6 YOUTH GUIDANCE CENTRES In accordance with the ideas underlying the guidance reform, guidance is regarded as a continuous process that should help young people become more conscious of their abilities, interests and possibilities, thus enabling them to make decisions regarding education and employment on a qualified basis. The 46 youth guidance centres are distributed among the 271 municipalities in Denmark. Each centre covers a "sustainable" area in terms of geographical distance and quality; quality referring to number and variety of youth education institutions in the area as well as the management structure of the centres. The municipal youth guidance centres provide guidance services for young people up to the age of 25 years, focusing on the transition from compulsory to youth education or, alternatively, to the labour market. Their main target groups are: Pupils in lower secondary school forms 6 to 10.. Young people under the age of 19 outside education, training or employment. Young people between the age of 19 and 25 who seek out guidance in relation to youth education programmes or employment.. Young people with a special need for guidance concerning choice of education, vocation and career a transverse target group of young people with various problems related to the continuing or completion of an education programme. In cooperation with the school principals, the youth guidance centres organise guidance activities at schools close to the pupils. Teachers are still responsible for the provision of general careers education from form 1 to form 10 but the youth guidance centres should serve as a source of coordination, inspiration and further development in this area. Guidance specifically related to the transition from compulsory to youth education is the responsibility of the youth guidance centres but it is provided at the pupils schools. The pupils educational logbooks are important in this connection. Through a learning process based on dialogue with the guidance counsellor, each pupil starts developing a logbook in form 6. The aim of this process is to develop the pupils self-knowledge and ability to make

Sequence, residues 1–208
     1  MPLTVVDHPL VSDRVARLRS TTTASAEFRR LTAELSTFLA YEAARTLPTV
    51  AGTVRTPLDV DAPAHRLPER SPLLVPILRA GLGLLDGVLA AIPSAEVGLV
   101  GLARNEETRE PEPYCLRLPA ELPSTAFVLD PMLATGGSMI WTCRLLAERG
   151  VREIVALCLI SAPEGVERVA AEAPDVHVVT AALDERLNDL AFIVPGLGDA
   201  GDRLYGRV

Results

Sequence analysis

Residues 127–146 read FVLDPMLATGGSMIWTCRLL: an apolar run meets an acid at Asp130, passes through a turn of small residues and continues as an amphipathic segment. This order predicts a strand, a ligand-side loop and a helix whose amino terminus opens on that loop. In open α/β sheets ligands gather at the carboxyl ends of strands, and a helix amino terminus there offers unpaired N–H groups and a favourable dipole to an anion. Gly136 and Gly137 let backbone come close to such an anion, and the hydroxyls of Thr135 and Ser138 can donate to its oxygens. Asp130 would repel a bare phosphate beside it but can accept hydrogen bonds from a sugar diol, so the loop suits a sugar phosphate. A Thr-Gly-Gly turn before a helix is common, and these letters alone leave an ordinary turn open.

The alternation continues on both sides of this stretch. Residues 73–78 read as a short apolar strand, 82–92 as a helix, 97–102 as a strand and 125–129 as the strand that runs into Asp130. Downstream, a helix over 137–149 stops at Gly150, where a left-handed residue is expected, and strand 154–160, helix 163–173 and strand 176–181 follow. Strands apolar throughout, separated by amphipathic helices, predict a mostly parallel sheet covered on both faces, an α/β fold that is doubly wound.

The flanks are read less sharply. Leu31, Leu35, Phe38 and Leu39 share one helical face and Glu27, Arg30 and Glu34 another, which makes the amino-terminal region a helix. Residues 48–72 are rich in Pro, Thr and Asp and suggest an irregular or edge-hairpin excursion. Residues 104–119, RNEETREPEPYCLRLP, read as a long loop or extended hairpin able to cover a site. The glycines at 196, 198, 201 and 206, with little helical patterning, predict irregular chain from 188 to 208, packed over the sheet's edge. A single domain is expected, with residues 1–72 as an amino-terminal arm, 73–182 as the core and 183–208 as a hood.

7 4/5 decisions regarding education and career. It is concluded with the drawing up of an individual transition plan in form 9, describing plans and objectives after compulsory school. The centres are obliged to establish contact with young people under the age of 19 who are outside the education system or the labour market. Together with the individual young person, the guidance counsellors discuss different opportunities and schemes that may help them get back into education, training or employment. The youth guidance centres are funded by the municipalities, and the municipal councils in a particular area define the framework for their centre s activities within the scope of the new act on guidance. Before the reform, school principals were responsible for the provision of guidance activities, which were carried out by teachers working part-time as guidance counsellors at the schools. With the reform, the daily management and responsibility have been moved to the managers of the centres, whose sole focus is provision and continuous development of youth guidance services in their area. Quality assurance is emphasised in the guidance reform. Transparency in relation to the youth guidance centres activities and results is important in order to ensure a high level of quality. Objectives, methods, planned activities as well as the performance of each centre are thus to be published on the Internet. Furthermore, the Ministry of Education has developed a set of guidelines, which the centres are encouraged to use when they set up their own quality assurance system. Cooperation across sectors is a key issue in the new act on guidance. The aim is to ensure a coherent guidance system and a regular exchange of experiences, knowledge and best practice. The youth guidance centres are thus obliged to cooperate closely with primary and lower secondary schools and youth education institutions in the area, as well as local business life and the public employment services.